ALBANY — One of New York’s top nursing home associations wants Gov. Andrew Cuomo and his Health Commissioner Howard Zucker to change two strict policies: a mandate requiring staffers get tested once a week and another governing visitation standards.
“We respectfully request the State to revise its current policies concerning nursing home and assisted living COVID-19 staff testing and resident visitation restrictions to safeguard the health and well-being of our residents and ensure the continued provision of necessary long term care services throughout New York,” wrote Steve Hanse, CEO of the New York State Healthcare Facilities Association, in a letter Friday.
The group which represents 425 nursing homes and adult care facilities housing 70,000 individuals — argues a two-day-old Centers for Medicare and Medicaid Services testing guidance makes more sense compared to the DOH’s current rule that requires all nursing home staffers get tested for the virus once a week.
The new regulations would require resident and staff testing once a month for facilities in counties with less than 5 percent COVID-19 positive infection rates, once a week for those with a positivity rate between 5 and 10 percent, and twice a week for those with a rate over 10 percent.
New York State has recorded a less than 1 percent infection rate statewide for three weeks.
However, some regions experiencing spikes due to clusters — like in Western New York, near Buffalo — may have higher rates of infection.
“The State’s current policy must be replaced with CMS’s rule in order to both focus testing where it is needed most and alleviate the State’s unfunded mandate that is imposing unsustainable financial constraints on providers,” Hanse added.
He told The Post the once-a-week test mandate is expensive — estimating a weekly $16 million cost for tests between all 160,000 skilled nursing homes and assisted living facilities combined.
Tests are estimated at $100 a pop, plus getting results back in a timely fashion from already backed up labs is another struggle.
Hanse also argued the DOH’s rule that homes can’t have a positive resident or staff coronavirus test results for at least a 28-day period before visitation may resume, is unrealistic and should be cut in half to 14 days.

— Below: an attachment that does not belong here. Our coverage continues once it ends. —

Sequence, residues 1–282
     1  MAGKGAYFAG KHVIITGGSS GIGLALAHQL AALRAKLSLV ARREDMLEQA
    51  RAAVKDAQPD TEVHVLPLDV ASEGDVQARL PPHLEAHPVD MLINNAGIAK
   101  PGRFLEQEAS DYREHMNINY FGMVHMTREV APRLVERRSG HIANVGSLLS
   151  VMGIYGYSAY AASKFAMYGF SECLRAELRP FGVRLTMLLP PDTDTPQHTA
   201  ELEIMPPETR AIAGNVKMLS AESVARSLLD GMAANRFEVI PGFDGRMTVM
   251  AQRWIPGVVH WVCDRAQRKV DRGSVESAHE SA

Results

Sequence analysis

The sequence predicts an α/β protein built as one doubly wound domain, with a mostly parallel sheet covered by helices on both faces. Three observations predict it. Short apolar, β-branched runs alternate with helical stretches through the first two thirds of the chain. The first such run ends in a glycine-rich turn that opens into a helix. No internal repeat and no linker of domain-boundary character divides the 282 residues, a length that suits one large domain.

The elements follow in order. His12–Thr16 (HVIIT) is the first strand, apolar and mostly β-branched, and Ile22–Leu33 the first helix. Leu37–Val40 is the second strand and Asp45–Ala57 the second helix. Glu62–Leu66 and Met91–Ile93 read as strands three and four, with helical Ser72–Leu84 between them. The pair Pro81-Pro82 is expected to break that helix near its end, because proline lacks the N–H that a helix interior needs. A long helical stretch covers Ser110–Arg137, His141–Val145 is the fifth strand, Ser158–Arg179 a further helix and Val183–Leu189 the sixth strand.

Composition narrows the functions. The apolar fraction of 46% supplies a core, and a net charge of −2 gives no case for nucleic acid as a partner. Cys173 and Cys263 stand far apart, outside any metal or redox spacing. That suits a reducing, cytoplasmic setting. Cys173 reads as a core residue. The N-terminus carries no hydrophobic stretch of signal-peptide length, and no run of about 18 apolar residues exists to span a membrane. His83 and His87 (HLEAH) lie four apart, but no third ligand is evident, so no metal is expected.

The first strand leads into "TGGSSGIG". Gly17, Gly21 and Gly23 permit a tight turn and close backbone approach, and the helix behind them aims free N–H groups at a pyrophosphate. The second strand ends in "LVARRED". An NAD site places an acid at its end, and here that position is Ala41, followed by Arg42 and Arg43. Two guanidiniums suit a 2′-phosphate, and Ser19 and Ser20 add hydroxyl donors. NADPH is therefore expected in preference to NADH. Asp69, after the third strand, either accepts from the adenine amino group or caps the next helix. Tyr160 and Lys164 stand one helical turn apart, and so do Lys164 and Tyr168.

Homes got the green light to resume visits on July 15, as long as they could prove they met the 28-day rule.
While federal guidance also recommends the 28-day threshold, it is more limited, in that it ends once an area has reached phase one or two of reopening plans — all regions in New York have entered phase four.
Meanwhile, families have been desperately lobbying the state to loosen restrictions.
Hanse said NYSHFA conducted a survey of around 300 nursing homes and adult care homes, finding 77 percent were still unable to open.
“Consequently, all residents were prohibited from experiencing in-person visitation to the detriment of both their physical, social and mental well-being,” he said of the results.
Adding the 28-day rule “has the unintended consequence of preventing individuals from receiving the necessary care they need. Many individuals and their families do not want to enter long-term care facilities if they are not going to be able to have in-person visits with their loved ones for an extended, unknown period of time.”
“The State’s 28-day restriction is not just difficult for residents and families but directly impacts access to necessary care,” he said.
The DOH said 304 out of the Empire State’s 613 nursing homes are allowed to reopen as of Thursday, but only 230 submitted mandatory plans delineating safety protocols.
Over 6,400 elderly residents have died from either presumed or confirmed coronavirus cases since March, attracting attention from the U.S. Justice Department which demanded state data earlier this week.
Neither Cuomo’s office nor the DOH were available for immediate comment.